Super Speedy UNC Spring Football Review

The offseason is a tremendous lull for most sports, but we Americans have found out that if you poke at football long enough during hibernation, you can find something to talk about. So let’s all grab a stick, shall we?

Players Who Should Get You Really, Really Excited for September

WR Dwight Jones: Will burning the redshirt last November pay off? For the moment, the answer is yes. Jones, the man in the center of that practice photo, has developed rapidly since the 2008 season, and while he certainly hasn’t reached Hakeem Nicks-levels of route running, he doesn’t have to. The projected top 3 receivers (Jones, Greg Little and Josh Adams/Rashad Mason) are all 6’4″ or taller, leaving¬† T.J. Yates with the ideal “throw it up and see if they catch it” scenario when things go wrong. If it brought down the undefeated Patriots, it can bring down Virginia Tech, right?

TB Jamal Womble: Aside from the spring game, very little is known about Womble except for all the records that he broke in high school. The Spring Game has proven to be an unreliable data set, but it seems apparent that Womble will get a lot of carries this season. He’s has speed and strength, but most importantly he has vision. He seems to have a keen eye for which alleys to attack at the line and in the secondary. With less than 10 carries in an exhibition game, he has shown more vision and elusiveness than Draughn and Houston showed last season.¬† Unlike Draughn and Houston, Womble will also be an effective receiver out of the backfield. Having lost the top three receivers from 2008 and looking for T.J. Yates to stay healthy, UNC will need to bolster its backfield production in 2009. Jamal Womble looks like he can make an immediate impact.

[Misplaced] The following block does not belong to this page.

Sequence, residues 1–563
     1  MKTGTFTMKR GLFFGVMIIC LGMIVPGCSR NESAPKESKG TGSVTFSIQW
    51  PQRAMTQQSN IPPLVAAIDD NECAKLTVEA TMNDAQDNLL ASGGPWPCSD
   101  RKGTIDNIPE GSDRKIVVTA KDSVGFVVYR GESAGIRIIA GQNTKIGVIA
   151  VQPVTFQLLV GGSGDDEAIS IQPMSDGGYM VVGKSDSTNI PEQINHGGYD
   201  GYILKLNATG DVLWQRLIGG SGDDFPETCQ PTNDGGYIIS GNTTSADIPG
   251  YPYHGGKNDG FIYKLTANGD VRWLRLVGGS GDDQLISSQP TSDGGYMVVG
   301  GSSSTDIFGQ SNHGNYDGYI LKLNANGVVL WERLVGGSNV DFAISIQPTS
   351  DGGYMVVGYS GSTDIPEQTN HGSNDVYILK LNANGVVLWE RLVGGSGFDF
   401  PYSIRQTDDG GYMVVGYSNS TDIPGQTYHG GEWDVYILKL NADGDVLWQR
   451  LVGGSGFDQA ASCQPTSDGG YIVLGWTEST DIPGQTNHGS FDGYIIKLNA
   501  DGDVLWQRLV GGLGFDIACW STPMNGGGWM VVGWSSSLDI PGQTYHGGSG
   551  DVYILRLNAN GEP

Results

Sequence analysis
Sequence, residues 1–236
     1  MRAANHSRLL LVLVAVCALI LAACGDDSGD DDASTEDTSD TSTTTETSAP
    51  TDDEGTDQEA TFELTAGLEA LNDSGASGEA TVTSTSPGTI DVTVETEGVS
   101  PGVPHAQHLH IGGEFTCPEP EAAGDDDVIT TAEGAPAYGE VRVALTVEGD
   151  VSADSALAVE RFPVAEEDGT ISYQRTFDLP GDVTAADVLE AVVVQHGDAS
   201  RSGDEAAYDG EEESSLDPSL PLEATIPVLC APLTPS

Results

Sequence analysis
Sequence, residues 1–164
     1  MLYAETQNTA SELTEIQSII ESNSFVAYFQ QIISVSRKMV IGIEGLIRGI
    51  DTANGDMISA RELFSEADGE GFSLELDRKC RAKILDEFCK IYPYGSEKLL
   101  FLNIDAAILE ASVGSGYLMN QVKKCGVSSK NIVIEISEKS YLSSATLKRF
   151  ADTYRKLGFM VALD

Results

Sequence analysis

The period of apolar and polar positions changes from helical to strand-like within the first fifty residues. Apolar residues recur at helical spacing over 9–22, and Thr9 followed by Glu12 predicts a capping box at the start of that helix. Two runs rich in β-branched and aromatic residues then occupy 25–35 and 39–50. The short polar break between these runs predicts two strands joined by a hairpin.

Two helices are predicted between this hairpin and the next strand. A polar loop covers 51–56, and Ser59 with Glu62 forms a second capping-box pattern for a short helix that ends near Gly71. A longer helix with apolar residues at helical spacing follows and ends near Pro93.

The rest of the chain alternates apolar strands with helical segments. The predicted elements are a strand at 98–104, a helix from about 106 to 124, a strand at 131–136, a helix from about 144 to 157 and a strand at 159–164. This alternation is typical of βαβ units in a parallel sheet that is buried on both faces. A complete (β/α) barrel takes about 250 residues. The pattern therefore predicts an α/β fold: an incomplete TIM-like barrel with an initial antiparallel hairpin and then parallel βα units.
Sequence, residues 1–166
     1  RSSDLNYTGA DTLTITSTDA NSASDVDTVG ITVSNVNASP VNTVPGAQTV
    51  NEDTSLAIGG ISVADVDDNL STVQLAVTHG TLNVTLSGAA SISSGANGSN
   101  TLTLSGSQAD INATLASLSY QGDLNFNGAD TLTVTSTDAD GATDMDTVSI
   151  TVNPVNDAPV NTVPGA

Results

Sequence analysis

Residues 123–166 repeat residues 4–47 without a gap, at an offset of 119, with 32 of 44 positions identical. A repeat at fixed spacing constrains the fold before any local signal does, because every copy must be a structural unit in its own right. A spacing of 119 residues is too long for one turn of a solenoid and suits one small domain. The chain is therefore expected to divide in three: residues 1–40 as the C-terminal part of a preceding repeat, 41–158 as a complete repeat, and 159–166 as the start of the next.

LB Zach Brown: Bruce Carter and HIS HIGHNESS QUANTAVIUS have established themselves as two of the most athletic linebackers in the ACC. Zach is faster than both of them. Whether that translates to pure defensive awesomeness is yet to be seen, but Everett Withers would be hard-pressed to find a better college linebacking corps to suit his Cover 2-esque scheme.

Really Tall Punter Guy: I don’t remember this guy’s name, but he’s the tallest player on the team, he wore #39 at the spring game, and he has a cannon for a leg. He punted three or four times, and each of them went for about 60 yards and had tremendous hangtime.

Players Who You Really Hope Made the Most of the Offseason


CB Jordan Hemby: Kendric Burney is a lockdown corner, but Hemby is still a projected starter by his side. This should concern you because his play in 2008 was, to put it diplomatically, enigmatic and inconsistent.

SS Da’Norris Searcy: Trimane Goddard left some pretty big shoes to fill. Searcy is talented, and he displayed flashes of brilliance against West Virginia in the bowl game. Still, it’s yet to be seen how easily he can fill Goddard’s role.

Defensive-End-By-Committee: It’s close to certain that Robert Quinn will spearhead one side of the line, but the other side looks to be a revolving door of inconsistent veterans and talented but inexperienced freshmen.

The Offensive Line: The offensive line kept some stability from 2008, but the absences of Garrett Reynolds (graduation/NFL) and Aaron Stahl (foregoing last year of eligibility due to injury) will be felt.

WR Greg Little: Greg goes back to his natural position this season as the most experienced receiver on the team and, perhaps ironically, the non-QB best acquainted with John Shoop’s playbook. Fans are beginiing to wonder if he will justify the hype surrounding his arrival in Chapel Hill. This is the year where he will either silecne the critics or prove them right. I think he’ll do well, but the jury is out for now.

T.J. Yates’ Health: Wolfpack Fans, if I don’t see frisbees on the field at Carter-Finley this November, I will be severely disappointed in you.

Am I being a bit opitmistic here? Probably. But the summer is the time for optimism, a time for anticipating what’s to come. Grumbling, cynicism and reduction of expectaion should wait, at least, until UConn scores on a devastating 90-yard drive in the third quarter. Until then RESERVE THE HOTEL TO MIAMI WERE GOING 11-1 OMG WHOOOOOO!!!